I’ve been thinking for a while about the difference between application development versus contract programming, a.k.a. consulting. I have done both and clearly prefer application development.
spurred me to ink my thoughts is Ben Collins-Sussman’s recent Version Control and “the 80%” post where he separates developers into two groups: the 20% alpha geeks and the 80% folks. Ben, one of Subversion’s developers, dares to write:
There are two “classes” of programmers in the world of software development: I’m going to call them the 20% and the 80%.
The 20% folks are what many would call “alpha” programmers — the leaders, trailblazers, trendsetters, the kind of folks that places like Google and Fog Creek s
oftware are obsessed with hiring.
These folks were the first ones to install Linux at home in the 90’s; the people who write lisp compilers and learn Haskell on weekends “just for fun”; they actively participate in open source projects; they’re always aware of the latest, coolest new trends in programming and tools.
The 80% folks make up the bulk of the s
oftware development industry.
They’re not stupid; they’re merely vocational. They went to school, learned just enough Java/C#/C++, then got a job writing internal apps for banks, governments, travel firms, law firms, etc. The world usually never sees their software.
They use whatever tools Microsoft hands down to them — usually VS.NET if they’re doing C++, or maybe a GUI IDE like Eclipse or IntelliJ for Java development.
They’ve never used Linux, and aren’t very interested in it anyway. Many have never even used version control.
If they have, it’s only whatever tool shipped in the Microsoft box (like SourceSafe), or some ancient thing handed down to them. They know exactly enough to get their job done, then go home on the weekend and forget about computers.
I agree. I also realize now one of the reasons why I moved away from consulting in 1994 and never looked back: most of the alpha geeks are not
there. They are in application development. There are several reasons why application development attracts alpha geeks while consulting repels them.
Disclaimer: I’m sure many consulting outfits do a great job; no offense is meant to anyone.
The Feedback Loop
In application development, a developer receives a lot of feedback.
This could be in the shape of email, forum posts, phone, or by meeting customers face to face at a convention or trade show. The developers also receives critical feedback from the technical support folks; this helps them identify bugs or weaknesses in the app and challenge them to do better. The feedback often includes feature suggestions and sometimes even an entirely new product idea.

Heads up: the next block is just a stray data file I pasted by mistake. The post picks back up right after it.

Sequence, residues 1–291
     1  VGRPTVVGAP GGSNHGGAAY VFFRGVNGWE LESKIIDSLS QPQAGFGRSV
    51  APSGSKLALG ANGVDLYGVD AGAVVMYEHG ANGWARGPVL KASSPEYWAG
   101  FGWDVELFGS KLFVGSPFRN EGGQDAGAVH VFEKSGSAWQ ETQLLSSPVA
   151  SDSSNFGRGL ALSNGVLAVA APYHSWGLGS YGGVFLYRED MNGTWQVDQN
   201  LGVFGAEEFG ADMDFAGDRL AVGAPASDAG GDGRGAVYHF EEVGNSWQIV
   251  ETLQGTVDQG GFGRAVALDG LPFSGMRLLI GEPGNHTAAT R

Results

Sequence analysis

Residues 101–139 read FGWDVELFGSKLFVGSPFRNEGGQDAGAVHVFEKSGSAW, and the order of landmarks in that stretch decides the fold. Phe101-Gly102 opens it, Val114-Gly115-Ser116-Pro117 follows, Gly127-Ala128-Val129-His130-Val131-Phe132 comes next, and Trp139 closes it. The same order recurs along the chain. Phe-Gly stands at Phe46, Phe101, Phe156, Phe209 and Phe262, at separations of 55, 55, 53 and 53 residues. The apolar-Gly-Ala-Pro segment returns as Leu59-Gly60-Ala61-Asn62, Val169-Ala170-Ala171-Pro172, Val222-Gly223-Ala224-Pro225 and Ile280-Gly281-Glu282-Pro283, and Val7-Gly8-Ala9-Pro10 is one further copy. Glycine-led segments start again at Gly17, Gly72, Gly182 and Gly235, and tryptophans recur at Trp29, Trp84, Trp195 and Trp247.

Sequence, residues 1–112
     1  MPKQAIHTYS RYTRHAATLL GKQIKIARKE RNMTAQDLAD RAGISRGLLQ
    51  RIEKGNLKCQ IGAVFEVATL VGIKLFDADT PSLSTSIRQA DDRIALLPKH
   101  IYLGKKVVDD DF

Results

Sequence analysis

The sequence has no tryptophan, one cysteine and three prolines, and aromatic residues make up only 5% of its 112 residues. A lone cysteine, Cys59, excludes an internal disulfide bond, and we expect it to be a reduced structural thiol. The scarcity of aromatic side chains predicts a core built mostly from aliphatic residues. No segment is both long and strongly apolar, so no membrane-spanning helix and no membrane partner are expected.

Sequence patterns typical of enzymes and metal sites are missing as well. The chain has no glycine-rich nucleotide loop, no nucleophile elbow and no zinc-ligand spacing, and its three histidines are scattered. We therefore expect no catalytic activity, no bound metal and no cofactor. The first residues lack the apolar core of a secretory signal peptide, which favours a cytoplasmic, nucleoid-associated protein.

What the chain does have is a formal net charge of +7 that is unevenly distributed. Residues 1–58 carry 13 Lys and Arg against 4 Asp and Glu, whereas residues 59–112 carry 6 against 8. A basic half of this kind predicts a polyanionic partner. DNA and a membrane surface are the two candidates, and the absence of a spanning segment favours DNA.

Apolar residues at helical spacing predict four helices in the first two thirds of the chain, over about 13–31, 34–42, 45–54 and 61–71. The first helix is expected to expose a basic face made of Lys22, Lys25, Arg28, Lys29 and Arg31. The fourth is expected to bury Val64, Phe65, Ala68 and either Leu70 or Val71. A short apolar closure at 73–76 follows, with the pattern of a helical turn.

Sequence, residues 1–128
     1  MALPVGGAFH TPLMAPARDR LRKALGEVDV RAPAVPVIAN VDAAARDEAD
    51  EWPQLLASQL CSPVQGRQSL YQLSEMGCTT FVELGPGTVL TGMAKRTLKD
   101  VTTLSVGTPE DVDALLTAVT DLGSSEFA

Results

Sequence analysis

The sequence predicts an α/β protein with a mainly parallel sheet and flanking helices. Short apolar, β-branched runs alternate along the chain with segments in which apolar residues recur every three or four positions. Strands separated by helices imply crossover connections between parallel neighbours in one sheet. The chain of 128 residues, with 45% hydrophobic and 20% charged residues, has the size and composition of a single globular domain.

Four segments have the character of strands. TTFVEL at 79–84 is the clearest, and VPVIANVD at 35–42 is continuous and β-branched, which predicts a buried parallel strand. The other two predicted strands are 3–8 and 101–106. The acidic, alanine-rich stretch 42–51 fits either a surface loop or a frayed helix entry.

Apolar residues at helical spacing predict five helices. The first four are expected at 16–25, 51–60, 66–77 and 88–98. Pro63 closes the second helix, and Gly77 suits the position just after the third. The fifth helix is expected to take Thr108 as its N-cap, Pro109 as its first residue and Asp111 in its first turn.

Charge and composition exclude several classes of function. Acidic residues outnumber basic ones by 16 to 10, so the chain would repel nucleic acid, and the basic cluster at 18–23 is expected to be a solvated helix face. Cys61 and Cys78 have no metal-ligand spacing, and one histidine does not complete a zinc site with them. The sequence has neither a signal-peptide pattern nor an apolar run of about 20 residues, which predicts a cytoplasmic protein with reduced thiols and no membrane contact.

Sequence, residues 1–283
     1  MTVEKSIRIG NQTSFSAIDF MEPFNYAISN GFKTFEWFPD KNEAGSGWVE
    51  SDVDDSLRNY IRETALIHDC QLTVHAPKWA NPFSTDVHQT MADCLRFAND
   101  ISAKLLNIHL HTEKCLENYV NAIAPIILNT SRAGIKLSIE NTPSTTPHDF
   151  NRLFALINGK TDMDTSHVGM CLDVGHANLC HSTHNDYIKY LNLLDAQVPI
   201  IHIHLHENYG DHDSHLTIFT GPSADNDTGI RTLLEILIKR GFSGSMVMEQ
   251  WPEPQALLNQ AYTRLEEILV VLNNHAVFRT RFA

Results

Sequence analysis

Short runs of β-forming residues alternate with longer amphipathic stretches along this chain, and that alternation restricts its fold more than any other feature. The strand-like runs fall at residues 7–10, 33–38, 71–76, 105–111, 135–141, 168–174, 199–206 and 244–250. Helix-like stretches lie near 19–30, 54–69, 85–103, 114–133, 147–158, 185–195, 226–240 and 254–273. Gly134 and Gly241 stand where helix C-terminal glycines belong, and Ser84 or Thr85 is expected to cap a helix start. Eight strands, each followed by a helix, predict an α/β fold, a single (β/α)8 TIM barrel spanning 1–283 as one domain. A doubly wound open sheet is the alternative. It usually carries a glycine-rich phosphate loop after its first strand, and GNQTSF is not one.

There is nothing more rewarding for a developer th
an to hear a customer rave about how much he or she loves the product.
This feedback loop is not usually found in consulting.
In 1992-1993, I worked on a software project for monitoring a nuclear reactor after a f
ault has occurred. Pretty serious stuff, but no one o ther than
the CEO at the time ever met the customer!
He was not a developer, didn’t understand developers, and didn’t care much for them other than how many hours the customer could be billed. There was no direct input to the developers before the project started and no feedback after delivery.
Geeks Are Not Just Coders
Alpha geeks like to develop, not just code. There is a huge difference between the two.
A developer has the opportunity to be creative and help shape the product. At consulting companies, coders rarely have this opportunity.
Any creativity is limited to implementation details.
Who’s In The Driver’s Seat?
In application development, developers are in the driver’s seat along with managers, helping build quality products that customers will love.
Their own interests are usually aligned with that of management.
If the product’s quality is not up to par, the free market will take care of weeding it out.
In consulting, the dynamic is completely different.
MBAs are usually in the driver’s seat. Billing is the primary motivation and it often conflicts directly with the goal of quality.
Imagine the following scenario: Mr. MBA convinces Mr. Client that adding database replication would be a spiffy idea. Mr. MBA rushes to the computer lab and informs Ms.
Lead that replication needs to be implemented.
Ms. Lead and her colleagues warn Mr.
MBA about the delays the new feature would cause, the complexity that it would add, and that the project might collapse under its own weight.
Seriously folks, do you think that Mr.
MBA cares? He’s only thinking about how much more he’s going to be able to charge the client. Perhaps the firm will even make him a partner. Imagine that!
What I just described is one of the reasons why the FBI’s $170 million Virtual Case File (VCF) project failed. According to the Washington Post, the FBI didn’t manage the project well and the contractor, SAIC, “knew the FBI’s plans were going awry but did not insist on changes because the bureau continued to pay the bills as the work piled up.”
Geeks Like to Work With Geeks
If most alpha geeks are found in the application development area, that’s where budding alpha geeks will want to be. It’s as simple as that.